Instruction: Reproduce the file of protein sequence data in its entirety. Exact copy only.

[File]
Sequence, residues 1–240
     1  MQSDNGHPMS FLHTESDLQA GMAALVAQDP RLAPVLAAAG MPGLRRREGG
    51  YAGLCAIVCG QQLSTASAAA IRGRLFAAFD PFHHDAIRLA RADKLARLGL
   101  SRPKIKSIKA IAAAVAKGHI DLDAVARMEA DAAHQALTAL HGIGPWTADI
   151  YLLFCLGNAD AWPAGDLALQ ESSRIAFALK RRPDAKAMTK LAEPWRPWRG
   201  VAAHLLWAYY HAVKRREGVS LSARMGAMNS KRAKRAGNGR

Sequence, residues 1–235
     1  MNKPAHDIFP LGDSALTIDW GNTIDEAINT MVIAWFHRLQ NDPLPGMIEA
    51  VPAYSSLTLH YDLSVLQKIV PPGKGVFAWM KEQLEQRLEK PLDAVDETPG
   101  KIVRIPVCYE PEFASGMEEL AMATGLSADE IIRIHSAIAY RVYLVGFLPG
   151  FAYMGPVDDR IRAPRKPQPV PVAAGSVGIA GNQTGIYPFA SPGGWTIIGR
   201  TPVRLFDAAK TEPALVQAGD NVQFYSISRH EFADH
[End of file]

Sequence, residues 1–240
     1  MQSDNGHPMS FLHTESDLQA GMAALVAQDP RLAPVLAAAG MPGLRRREGG
    51  YAGLCAIVCG QQLSTASAAA IRGRLFAAFD PFHHDAIRLA RADKLARLGL
   101  SRPKIKSIKA IAAAVAKGHI DLDAVARMEA DAAHQALTAL HGIGPWTADI
   151  YLLFCLGNAD AWPAGDLALQ ESSRIAFALK RRPDAKAMTK LAEPWRPWRG
   201  VAAHLLWAYY HAVKRREGVS LSARMGAMNS KRAKRAGNGR

Sequence, residues 1–235
     1  MNKPAHDIFP LGDSALTIDW GNTIDEAINT MVIAWFHRLQ NDPLPGMIEA
    51  VPAYSSLTLH YDLSVLQKIV PPGKGVFAWM KEQLEQRLEK PLDAVDETPG
   101  KIVRIPVCYE PEFASGMEEL AMATGLSADE IIRIHSAIAY RVYLVGFLPG
   151  FAYMGPVDDR IRAPRKPQPV PVAAGSVGIA GNQTGIYPFA SPGGWTIIGR
   201  TPVRLFDAAK TEPALVQAGD NVQFYSISRH EFADH